Although large commercial operations may opt for PVC fabric structures for their look and endurance, the predominant material used by the agriculture industry is polyethylene, which is considerably less expensive and offers greater light transmission.
“It’s an industry standard. It’s been around for well over 20 years,” says Joe Teixeira, truss arch specialist for ClearSpan Fabric Structures. “It’s been proven in the field in both frame structures and in hay tarps and for other commodities. It’s very flexible. It’s very tear resistant, high strength and provides an extreme amount of UV resistance and longevity. Light transmission is on the order of 20 percent, so you get natural light in the structure.”
For greenhouses, ClearSpan uses polyethylene film. “It’s almost glass clear,” Teixeira says, noting its light transmission of 92 percent or higher.
Gidco Ag Design & Consulting primarily uses black, UV-stabilized polypropylene and polyethylene for crop shades and clear woven insect screen in different types of meshes.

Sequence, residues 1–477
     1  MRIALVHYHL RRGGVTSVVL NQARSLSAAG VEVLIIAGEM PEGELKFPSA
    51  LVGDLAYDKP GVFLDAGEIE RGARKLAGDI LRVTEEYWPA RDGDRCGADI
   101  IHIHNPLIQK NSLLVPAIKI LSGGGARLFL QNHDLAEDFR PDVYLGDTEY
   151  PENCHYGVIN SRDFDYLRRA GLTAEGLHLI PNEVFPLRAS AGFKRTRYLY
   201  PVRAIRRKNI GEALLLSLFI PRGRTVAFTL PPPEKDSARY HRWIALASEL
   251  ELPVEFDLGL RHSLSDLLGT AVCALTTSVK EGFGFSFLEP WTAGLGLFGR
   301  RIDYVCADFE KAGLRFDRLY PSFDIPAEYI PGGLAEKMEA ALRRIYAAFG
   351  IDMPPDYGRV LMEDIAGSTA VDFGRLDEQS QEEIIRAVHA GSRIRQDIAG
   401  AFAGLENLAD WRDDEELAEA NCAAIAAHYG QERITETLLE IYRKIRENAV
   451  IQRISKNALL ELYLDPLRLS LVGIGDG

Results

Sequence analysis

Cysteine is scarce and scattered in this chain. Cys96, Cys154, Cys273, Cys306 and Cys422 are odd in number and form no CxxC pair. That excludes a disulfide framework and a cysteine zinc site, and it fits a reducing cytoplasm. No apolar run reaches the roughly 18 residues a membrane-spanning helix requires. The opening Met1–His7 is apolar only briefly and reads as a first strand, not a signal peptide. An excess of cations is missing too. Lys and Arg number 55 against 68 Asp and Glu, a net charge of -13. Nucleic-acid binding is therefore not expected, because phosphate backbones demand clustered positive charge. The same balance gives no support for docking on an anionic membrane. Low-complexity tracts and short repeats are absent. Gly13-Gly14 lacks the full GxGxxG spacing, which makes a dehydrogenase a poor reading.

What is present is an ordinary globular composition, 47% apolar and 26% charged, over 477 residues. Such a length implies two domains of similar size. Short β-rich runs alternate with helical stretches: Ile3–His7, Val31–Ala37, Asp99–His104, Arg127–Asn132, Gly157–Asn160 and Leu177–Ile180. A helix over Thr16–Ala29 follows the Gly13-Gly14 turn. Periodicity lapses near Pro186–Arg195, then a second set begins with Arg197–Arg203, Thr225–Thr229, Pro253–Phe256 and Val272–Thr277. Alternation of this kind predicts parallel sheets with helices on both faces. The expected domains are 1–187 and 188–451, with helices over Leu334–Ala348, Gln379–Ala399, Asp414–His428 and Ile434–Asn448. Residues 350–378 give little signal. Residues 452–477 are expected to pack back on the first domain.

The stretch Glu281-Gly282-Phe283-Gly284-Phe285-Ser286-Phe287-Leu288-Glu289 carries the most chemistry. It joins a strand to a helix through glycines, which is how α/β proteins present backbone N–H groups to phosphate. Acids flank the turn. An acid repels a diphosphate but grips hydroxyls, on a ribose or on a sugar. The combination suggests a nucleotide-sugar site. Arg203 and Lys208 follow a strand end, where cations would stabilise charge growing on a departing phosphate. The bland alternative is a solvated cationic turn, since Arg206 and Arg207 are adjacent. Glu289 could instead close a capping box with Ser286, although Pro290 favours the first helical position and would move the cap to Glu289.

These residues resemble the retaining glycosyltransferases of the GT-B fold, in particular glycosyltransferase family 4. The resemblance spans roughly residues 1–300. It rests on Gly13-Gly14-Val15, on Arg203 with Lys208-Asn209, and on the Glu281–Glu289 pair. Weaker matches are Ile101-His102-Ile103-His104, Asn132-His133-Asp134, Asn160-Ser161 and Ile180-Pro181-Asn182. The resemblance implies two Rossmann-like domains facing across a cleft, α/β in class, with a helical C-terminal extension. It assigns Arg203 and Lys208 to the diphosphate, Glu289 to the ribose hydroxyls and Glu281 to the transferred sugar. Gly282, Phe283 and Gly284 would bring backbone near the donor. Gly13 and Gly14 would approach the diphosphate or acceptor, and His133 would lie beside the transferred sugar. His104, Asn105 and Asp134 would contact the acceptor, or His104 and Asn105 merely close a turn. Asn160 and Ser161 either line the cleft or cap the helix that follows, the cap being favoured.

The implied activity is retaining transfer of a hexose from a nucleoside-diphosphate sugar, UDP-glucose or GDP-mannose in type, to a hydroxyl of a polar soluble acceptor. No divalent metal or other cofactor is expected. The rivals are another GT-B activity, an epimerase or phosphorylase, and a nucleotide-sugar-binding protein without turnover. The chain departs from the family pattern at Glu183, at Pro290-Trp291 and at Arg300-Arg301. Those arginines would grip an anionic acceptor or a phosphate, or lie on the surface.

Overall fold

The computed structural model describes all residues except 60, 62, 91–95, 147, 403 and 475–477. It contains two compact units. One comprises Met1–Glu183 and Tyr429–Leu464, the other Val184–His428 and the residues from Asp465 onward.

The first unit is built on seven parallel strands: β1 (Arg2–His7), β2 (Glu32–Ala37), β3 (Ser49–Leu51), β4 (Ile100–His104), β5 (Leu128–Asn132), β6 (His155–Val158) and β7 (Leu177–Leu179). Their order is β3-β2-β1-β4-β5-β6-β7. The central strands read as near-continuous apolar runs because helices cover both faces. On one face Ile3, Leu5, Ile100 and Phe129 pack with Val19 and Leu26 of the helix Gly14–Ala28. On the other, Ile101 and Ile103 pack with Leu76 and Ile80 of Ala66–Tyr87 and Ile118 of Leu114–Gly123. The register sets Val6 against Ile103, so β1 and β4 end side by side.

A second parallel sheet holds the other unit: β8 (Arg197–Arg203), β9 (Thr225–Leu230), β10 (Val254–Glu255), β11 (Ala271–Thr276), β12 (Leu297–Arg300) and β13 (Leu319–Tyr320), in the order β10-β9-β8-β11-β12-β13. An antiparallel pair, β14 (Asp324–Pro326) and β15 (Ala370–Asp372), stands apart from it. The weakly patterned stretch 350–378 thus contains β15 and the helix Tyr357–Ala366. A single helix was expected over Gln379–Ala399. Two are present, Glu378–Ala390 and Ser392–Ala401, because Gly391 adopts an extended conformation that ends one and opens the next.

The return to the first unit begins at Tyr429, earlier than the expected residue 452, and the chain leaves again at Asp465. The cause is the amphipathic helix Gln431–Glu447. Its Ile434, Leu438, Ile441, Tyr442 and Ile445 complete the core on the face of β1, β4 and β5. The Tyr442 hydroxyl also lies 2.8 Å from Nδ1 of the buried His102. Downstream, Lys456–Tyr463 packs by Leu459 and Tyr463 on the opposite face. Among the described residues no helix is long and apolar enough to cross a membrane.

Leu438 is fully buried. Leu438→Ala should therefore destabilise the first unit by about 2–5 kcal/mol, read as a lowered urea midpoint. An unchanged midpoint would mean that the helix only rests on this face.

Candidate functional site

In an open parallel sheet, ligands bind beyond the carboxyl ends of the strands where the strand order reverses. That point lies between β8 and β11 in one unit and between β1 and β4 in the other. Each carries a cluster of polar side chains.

“Some are very dense,” says owner Gideon Cohn. “We also use bird netting with larger holes over tree crops, berries and fish ponds.
“We find out over time what crop is sensitive or would be best with a selective light,” he continues. “We can do selective colors to manipulate the crop, for example to produce earlier. It’s not a genetic change. We also use different products to change or stabilize temperatures. You have to experiment all the time.”
Jason Owen, president of Accu-Steel Fabric-Covered Building Solutions, says polyethylene has improved over the years.
“Film technology in the polyethylene marketplace has really had a lot of UV stability, which translates into savings for our customers,” he says. “Companies are able to add more coatings at lower temperatures that preserve the UV integrity of the product.”
Jeremy Calhoun, president of Calhoun Super Structures, agrees. “Polyethylene is getting better each and every year, offering more life span, more consistent coatings, a better welding temperature and better fit and finish.”
As for frames in the agricultural market, they are typically hot-dipped, galvanized steel.
“There’s no better value in a corrosive environment,” Owen says.